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Topic: Digital chess board (Read 3121 times) previous topic - next topic

esmo2000

I'm trying to build a chess board which can automatically record a game without any help from the players.  I don't need anything as fancy as actual tags on the pieces (I'm going to figure it out just by dumb dead reckoning), but I'm not sure of the most effective sensors to use for the squares.  Preferably, I'd like the price to be low, but here are some of the ideas I had.

Attach magnets to the bottom of the pieces and lay a grid of wires underneath the board (it's very thin).  When the pieces move up or down off the wires I should see some kind of current induced from the magnetic flux. 

Second idea, was to use magnets in combination with a bunch of reed switches.  This is basically the exact same idea except it's using an actual sensor which is probably going to do a way better job.  The price obviously goes up pretty rapidly though ( I need a reed sensor per square, $1.50 * 64 + 1.50*24 for the magnets). 

Lastly, I could use the FSR sensors listed here: http://www.sparkfun.com/products/9375 but they're obviously a lot more pricey at 6.50 a pop.  Since there are 64 squares, the price is rocketing up to a cool 416 (or somewhere in this ball park).   I considered maybe using square FSR sensors to bring the cost down and having them share squares.  I'm not sure if that would work well.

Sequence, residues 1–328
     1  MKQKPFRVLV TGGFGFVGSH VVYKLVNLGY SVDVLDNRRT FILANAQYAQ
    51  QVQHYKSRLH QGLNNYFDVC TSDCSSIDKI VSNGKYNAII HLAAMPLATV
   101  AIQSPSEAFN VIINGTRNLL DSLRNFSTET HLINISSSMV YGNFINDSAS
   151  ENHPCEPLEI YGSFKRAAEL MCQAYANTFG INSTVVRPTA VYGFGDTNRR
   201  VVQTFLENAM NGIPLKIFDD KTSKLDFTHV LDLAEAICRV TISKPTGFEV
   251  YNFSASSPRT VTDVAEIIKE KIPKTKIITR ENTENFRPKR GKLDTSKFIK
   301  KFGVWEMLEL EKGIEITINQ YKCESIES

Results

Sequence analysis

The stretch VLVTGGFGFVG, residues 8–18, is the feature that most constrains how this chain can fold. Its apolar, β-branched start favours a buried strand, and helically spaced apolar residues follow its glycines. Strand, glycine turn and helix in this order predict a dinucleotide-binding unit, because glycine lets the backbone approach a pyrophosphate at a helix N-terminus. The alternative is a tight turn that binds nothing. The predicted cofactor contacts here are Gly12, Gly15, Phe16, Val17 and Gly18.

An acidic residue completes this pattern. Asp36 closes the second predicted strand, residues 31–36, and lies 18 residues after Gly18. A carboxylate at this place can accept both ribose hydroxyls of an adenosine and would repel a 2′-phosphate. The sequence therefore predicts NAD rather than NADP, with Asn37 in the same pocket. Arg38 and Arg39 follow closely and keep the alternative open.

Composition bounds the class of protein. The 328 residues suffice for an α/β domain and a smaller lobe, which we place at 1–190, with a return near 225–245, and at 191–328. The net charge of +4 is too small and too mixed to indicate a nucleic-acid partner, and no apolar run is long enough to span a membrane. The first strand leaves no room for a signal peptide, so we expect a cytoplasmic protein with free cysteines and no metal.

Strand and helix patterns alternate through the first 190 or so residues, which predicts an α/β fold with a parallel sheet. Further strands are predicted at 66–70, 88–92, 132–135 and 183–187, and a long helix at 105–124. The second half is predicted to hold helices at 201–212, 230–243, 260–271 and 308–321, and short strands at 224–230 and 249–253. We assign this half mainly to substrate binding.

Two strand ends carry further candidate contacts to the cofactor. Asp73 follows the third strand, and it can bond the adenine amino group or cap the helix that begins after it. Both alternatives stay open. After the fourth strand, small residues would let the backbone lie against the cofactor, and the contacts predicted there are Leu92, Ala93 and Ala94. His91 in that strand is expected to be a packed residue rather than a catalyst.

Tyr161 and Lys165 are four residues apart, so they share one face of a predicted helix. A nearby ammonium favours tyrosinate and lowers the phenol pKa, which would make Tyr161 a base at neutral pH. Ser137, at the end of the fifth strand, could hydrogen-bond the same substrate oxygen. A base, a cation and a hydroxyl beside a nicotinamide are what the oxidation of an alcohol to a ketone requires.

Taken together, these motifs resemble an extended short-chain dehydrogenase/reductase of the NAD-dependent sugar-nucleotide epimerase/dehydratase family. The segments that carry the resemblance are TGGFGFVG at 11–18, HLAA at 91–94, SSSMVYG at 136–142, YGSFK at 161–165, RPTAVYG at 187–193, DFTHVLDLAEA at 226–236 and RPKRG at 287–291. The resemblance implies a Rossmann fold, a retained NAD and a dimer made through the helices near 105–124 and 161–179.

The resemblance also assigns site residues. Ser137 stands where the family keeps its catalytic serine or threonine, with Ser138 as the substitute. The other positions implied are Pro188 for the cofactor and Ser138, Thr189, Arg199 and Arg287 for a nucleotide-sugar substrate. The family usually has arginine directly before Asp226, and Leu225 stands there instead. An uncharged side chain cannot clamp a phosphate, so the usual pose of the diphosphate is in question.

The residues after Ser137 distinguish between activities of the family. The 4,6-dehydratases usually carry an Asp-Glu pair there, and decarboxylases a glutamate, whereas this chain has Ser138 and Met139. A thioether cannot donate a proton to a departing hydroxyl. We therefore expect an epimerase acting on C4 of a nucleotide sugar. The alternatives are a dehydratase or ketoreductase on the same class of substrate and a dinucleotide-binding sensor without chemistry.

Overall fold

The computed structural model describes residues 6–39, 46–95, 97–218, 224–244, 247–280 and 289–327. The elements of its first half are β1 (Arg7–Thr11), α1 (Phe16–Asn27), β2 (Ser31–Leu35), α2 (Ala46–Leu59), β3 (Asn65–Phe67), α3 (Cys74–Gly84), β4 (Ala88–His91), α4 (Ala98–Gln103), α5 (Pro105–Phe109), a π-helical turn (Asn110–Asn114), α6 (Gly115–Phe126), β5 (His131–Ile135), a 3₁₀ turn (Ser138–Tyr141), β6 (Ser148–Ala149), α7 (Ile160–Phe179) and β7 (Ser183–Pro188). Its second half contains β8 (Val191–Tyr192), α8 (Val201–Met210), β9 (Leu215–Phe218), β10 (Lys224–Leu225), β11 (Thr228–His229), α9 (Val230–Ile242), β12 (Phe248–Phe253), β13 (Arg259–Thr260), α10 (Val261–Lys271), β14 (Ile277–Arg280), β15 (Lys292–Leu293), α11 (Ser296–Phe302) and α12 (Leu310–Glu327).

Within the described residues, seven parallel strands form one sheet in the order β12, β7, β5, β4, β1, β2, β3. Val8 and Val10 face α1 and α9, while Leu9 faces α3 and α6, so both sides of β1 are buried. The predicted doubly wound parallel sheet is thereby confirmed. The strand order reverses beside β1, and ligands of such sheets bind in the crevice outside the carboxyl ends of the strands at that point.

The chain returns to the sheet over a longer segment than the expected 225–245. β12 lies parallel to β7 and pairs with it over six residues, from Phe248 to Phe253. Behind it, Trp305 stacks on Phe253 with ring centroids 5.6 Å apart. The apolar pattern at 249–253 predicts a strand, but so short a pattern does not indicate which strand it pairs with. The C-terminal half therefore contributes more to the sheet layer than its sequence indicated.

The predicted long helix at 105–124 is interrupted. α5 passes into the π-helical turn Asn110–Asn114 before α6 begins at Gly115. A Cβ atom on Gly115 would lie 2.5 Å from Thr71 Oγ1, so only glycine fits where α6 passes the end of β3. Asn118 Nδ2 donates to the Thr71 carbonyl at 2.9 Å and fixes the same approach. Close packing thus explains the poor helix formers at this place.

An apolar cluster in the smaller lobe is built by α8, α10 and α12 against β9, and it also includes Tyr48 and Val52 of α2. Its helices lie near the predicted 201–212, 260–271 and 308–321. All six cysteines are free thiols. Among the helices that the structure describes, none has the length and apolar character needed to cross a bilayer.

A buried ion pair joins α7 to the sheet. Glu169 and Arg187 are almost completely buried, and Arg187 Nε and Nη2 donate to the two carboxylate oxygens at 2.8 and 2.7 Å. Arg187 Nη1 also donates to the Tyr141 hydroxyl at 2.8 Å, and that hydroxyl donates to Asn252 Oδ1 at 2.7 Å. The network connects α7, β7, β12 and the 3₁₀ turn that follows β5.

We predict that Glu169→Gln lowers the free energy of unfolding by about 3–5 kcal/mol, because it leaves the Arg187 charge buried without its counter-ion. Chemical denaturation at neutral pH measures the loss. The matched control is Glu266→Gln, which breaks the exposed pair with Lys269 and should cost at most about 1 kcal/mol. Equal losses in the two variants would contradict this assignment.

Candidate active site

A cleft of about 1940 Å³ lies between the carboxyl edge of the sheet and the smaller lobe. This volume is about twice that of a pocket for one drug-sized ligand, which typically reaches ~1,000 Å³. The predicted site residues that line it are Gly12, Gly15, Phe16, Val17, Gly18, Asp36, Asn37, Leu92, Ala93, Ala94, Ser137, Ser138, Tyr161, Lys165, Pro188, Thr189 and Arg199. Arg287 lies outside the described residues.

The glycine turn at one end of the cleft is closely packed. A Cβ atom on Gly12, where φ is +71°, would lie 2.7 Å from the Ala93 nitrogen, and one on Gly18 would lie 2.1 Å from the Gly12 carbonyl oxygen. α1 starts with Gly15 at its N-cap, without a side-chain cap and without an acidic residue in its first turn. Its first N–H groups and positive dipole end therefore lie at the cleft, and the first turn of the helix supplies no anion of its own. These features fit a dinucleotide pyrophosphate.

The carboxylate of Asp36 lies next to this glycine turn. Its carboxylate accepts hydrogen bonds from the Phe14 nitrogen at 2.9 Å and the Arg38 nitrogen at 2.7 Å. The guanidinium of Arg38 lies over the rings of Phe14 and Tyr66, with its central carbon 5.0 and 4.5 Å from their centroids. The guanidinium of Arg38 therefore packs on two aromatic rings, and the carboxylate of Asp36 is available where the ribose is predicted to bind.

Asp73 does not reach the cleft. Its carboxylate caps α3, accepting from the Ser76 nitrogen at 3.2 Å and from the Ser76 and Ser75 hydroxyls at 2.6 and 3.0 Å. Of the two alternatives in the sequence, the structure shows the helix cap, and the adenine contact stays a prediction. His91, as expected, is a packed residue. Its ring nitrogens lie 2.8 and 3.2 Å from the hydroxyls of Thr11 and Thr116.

This is my first time ever building up a full project, and I don't really have any experience with these ideas.  I was hoping you guys could act as a sounding board, maybe come up with some ideas

Jack Christensen

Hall effect sensors come to mind, but would probably be in the same price ballpark as the reed switches.
MCP79411/12 RTC ... "One Million Ohms" ATtiny kit ... available at http://www.tindie.com/stores/JChristensen/

robtillaart

- you could also use two motors that "scan" the board with one sensor. you will have 63 *$1.50 for two motors ...
or
- put a small hole in each square and put an photocell under it. - http://www.sparkfun.com/products/9088   64*$1.50  no need for magnets.
Rob Tillaart

Nederlandse sectie - http://arduino.cc/forum/index.php/board,77.0.html -
(Please do not PM for private consultancy)

esmo2000

Yah I thought of the light sensors as well but I want the board to look as normal as possible with no cuts or perforations or anything.  So cuts in the board I think won't work.

mowcius

#4
Apr 17, 2011, 10:34 pm Last Edit: Apr 17, 2011, 10:37 pm by mowcius Reason: 1
Reed switches for $1.50 each! :o

Try ebay or something - Last time I bought them they were around £1.50 for 10...

Hall effect sensors would be much better though (and still less than $1.50 each).

I used to know a really cheap place to buy neodymium magnets but I can't find/remember it. (They sold the packs of spherical ones and cube ones before they became 'cool toys' and became very expensive items from toy stores - they were really cheap too)

tkbyd

Yes... I did read the bit about you wanting a normal board, no cuts.